A journalist in Honduras who publicly condemned anti-LGBTQ violence has been killed.
CNN en Español reported two men on a motorbike shot Luis Almendares three times in Comayagua, a city that is less than two hours northwest of Tegucigalpa, the Central American country’s capital. on Sunday. Almendares died at a Tegucigalpa hospital the following day.
Honduran media reports indicate the two men shot Almendares while he was doing a Facebook Live video.
Criterio, an online Honduran newspaper, reported Almendares “was very known in the municipality of Comayagua for denouncing business owners and the area’s politicians, in particular on issues of corruption and drug trafficking.”
One of Almendares’ colleagues told CNN en Español that he had been receiving death threats because of his work. Sources in Honduras with whom the Washington Blade spoke on Tuesday also confirmed Almendares publicly condemned violence against LGBTQ Hondurans.
One source said Almendares condemned an attack against a transgender woman that took place in Comayagua on Sept. 6. Almendares six days later in a Facebook post he titled “To be Gay in a Country of Machos” wrote about a gay man who was attacked inside a Comayagua bar with a machete.
The post notes police officers and a judge refused to help the man after the attack. Almendares urged his Facebook friends to help the man pay the $89.65 (2,200 Honduran lempiras) he owed to the clinic that treated him.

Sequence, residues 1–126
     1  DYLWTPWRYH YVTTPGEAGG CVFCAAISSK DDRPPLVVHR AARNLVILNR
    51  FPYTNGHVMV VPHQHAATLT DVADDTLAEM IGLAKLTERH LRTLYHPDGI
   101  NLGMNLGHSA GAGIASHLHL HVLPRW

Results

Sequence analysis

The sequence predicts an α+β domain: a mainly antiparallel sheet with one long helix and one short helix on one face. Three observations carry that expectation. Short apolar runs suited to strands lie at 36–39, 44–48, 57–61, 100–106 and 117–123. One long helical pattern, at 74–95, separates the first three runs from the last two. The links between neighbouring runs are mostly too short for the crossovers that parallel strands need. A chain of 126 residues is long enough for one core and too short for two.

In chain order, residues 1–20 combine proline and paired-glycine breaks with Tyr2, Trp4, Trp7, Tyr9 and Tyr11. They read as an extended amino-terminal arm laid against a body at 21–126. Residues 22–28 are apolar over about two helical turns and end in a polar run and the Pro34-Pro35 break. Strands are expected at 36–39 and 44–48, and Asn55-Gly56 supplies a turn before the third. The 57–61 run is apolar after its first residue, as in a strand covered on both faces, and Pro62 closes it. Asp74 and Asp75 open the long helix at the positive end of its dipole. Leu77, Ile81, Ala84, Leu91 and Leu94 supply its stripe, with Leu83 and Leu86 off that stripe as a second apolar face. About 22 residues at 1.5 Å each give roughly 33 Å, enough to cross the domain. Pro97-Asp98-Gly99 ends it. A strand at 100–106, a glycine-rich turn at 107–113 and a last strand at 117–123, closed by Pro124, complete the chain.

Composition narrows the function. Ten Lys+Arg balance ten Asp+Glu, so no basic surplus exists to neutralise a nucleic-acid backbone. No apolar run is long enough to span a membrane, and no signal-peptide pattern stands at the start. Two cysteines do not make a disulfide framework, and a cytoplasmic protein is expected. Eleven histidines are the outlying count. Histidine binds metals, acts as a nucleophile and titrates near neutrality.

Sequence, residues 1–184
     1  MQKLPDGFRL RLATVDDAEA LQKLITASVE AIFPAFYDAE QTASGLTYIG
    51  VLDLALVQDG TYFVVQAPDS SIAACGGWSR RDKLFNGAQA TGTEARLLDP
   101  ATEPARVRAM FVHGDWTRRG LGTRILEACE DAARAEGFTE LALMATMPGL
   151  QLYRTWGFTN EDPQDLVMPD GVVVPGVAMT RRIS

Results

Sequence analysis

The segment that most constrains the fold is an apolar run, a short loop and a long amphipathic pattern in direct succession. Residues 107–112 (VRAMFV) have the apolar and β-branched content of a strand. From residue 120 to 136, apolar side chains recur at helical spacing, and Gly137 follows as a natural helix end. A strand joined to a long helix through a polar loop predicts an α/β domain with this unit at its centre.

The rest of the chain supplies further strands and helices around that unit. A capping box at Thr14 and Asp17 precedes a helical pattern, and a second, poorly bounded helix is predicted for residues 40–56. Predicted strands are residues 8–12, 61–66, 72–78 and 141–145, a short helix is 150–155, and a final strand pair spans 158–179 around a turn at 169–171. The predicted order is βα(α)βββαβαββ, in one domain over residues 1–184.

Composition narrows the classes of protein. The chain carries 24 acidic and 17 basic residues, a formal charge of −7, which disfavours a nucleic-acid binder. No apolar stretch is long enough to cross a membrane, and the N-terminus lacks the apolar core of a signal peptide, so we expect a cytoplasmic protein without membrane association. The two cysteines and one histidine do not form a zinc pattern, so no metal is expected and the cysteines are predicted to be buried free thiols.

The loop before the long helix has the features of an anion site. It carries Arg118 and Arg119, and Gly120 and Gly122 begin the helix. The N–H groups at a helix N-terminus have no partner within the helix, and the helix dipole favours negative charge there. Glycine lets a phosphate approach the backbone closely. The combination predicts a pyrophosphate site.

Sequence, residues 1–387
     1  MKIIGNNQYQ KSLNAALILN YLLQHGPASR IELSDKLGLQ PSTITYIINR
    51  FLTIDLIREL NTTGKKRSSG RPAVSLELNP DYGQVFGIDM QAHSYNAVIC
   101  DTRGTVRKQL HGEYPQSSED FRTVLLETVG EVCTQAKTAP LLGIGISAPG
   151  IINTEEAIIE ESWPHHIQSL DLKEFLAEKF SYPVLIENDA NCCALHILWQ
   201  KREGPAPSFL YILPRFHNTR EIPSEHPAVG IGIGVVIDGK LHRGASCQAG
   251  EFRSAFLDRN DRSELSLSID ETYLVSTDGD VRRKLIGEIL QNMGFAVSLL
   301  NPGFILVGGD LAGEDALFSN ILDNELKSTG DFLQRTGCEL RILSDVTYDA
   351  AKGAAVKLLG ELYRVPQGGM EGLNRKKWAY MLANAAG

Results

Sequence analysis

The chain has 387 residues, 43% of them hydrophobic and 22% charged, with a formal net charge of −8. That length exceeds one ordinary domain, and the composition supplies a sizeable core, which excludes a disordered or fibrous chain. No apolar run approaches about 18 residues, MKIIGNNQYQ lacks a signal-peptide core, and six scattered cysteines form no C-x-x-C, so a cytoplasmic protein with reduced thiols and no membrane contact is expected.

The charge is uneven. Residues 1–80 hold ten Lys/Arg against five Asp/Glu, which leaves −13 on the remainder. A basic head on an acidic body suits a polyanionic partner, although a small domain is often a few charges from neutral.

It is not immediately clear if Almendares’ public condemnations of violence against LGBTQ Hondurans specifically contributed to his death. Reporters Without Borders and other groups note Honduras remains one of the most dangerous countries in the world for journalists.
CNN en Español reported 86 journalists have been killed in Honduras since 2001, and 90 percent of these murders have not been prosecuted.
Santi Carvajal, a trans woman who hosted a program on a television station in Puerto Cortés, a city on Honduras’ Caribbean coast, was shot to death in July 2019.
Violence based on sexual orientation and gender identity remains commonplace in Honduras, which has one of the world’s highest per capita murder rates. Activists say President Juan Orlando Hernández’s government has either done little to address the problem or made it worse.
“We condemn the crime that took the life of journalist Luis Almendares,” reads a statement that María Andrea Matamoros Castillo, a government spokesperson, shared on her Twitter page on Monday. “The Honduras National Police’s Special Unit immediately launched an investigation.”
“Those responsible will feel the full weight of the law,” adds the statement that notes authorities have leads in Almendares’ murder. “Our solidarity with the family.”
Condenamos el crimen que le quitó la vida al periodista Luis Almendares. De inmediato se inició una investigación por la Unidad Especial de la @PoliciaHonduras teniendo importantes avances. A los responsables les caerá todo el peso de la ley. Nuestra solidaridad con su familia. pic.twitter.com/4RKrdhV1NE
— María Andrea Matamoros Castillo (@mariandreamc) September 28, 2020
Reporters Without Borders is among the groups that condemned Almendares’ murder.
“The Honduran authorities must lose no time in identifying the perpetrators and instigators of this execution-style murder, and should prioritize the hypothesis that it was linked to the victim’s reporting,” said Emmanuel Colombié, the head of Reporters Without Borders’ Latin America bureau, in a statement.
“The endless spiral of violence against the Honduran press has to be brought to an end,” added Colombié. “How many journalists need to be murdered before the authorities react, by reinforcing their mechanism for protecting journalists and by establishing a lasting plan for combatting impunity for these crimes?”